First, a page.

And so regrets tend to be about opportunities not seized, about chances not taken, words not spoken, decisions not made, resolutions not kept.  You look back and you can see the road you’ve been on and you know you missed your exit.  “I should’ve taken that exit.  I didn’t take the exit.  I wish I could go back and take the exit.  I regret not taking the exit and turning around.”

So, I don’t know if you make resolutions or not.  I’ve read a little bit about that this week.  That it tends to follow age.  Like, we make more resolutions when we’re younger, and as we get older we’re like, “Yeah, it’s just kind of the way it is,” and we’re less optimistic about it.  But, as we start a new year, it is a good time to think about what we want to be different in our lives.  And really the only way to get there is to look to the past and identify some regrets.  It’s hard to do, but it’s necessary.

If you have your Bibles…or a Bible app…turn to Luke chapter 5.  So, Luke chapter 2 is the Christmas Story.  We’ve looked at that some in the month of December.  In Luke chapter 5 the earthly ministry of Jesus is just beginning.  He’s already developed this reputation as a really powerful preacher/teacher.  He has yet to call His disciples in Luke chapter 5.  We’re going to see some of that take place in this chapter.  And He is preaching by the Sea of Galilee.  Here it’s called the Lake of Gennesaret.  It’s the same body of water.  And He’s preaching on the shore, but as the crowds gather, the people in the back are having a hard time hearing Him.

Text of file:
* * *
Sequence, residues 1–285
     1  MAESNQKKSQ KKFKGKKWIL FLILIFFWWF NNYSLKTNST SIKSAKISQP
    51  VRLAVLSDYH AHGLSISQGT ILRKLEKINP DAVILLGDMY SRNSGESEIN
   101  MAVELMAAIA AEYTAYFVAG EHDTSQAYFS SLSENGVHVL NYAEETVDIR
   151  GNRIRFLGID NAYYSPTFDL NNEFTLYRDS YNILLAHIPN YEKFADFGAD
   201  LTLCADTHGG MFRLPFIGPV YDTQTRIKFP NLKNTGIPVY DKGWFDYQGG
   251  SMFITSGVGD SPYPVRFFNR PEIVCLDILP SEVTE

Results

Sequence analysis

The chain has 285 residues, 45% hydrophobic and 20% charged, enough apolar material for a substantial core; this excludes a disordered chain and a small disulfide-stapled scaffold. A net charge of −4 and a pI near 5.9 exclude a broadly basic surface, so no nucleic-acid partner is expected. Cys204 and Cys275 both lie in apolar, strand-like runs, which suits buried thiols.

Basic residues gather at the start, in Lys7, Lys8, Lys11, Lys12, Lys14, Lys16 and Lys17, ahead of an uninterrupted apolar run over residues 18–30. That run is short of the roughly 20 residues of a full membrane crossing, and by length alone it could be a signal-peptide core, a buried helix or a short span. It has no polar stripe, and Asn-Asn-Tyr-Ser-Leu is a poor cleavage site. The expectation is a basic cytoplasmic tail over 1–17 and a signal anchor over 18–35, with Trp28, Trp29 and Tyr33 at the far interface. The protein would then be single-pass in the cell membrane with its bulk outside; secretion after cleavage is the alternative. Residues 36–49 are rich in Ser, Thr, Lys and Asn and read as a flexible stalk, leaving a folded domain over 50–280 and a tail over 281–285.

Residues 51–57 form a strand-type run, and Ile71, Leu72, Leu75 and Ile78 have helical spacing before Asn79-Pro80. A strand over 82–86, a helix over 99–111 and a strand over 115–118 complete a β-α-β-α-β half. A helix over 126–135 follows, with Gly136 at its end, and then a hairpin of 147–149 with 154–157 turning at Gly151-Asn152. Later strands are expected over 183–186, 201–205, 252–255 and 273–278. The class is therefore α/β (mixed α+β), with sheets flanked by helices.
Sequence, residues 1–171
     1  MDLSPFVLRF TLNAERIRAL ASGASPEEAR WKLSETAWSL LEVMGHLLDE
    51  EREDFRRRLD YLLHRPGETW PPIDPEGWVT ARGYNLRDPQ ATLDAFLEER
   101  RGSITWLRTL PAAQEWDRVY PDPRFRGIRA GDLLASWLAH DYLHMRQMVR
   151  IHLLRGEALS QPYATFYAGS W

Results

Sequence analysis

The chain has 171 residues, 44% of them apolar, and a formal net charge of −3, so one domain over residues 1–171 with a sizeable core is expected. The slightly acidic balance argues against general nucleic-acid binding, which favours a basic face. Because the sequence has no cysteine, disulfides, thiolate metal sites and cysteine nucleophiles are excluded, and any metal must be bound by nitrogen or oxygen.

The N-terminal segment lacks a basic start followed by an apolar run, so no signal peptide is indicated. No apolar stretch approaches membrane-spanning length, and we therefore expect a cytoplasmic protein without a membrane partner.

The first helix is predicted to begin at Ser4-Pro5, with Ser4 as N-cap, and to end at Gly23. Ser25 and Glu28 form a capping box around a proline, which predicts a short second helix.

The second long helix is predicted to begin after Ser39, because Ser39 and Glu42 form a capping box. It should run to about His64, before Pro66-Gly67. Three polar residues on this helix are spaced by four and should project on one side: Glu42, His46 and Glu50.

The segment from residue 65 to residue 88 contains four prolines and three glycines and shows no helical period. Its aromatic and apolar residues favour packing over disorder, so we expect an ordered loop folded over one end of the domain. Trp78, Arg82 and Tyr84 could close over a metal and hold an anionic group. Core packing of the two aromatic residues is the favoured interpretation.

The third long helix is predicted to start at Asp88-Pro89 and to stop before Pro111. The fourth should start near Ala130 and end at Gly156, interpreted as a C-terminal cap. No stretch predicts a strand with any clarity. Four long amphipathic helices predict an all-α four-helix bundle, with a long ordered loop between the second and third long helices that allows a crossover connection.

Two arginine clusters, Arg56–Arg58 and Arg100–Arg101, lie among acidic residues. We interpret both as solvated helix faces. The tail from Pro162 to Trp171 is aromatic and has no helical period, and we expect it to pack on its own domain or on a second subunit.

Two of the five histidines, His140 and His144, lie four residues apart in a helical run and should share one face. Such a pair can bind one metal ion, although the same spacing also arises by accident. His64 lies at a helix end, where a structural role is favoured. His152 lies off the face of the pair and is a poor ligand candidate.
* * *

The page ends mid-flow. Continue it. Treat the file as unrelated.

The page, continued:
And so we read in verse 2…it says, “…he saw at the water’s edge two boats, left there by the fishermen, who were washing their nets.”

So you’ve got these fishermen who’ve been fishing all night, and they’re cleaning their nets. They’re putting away their gear.  They’re ready to call it a day, right?  They’re ready to go home and to crash.  Jesus sees it.  There are a couple of boats that they’ve left on shore.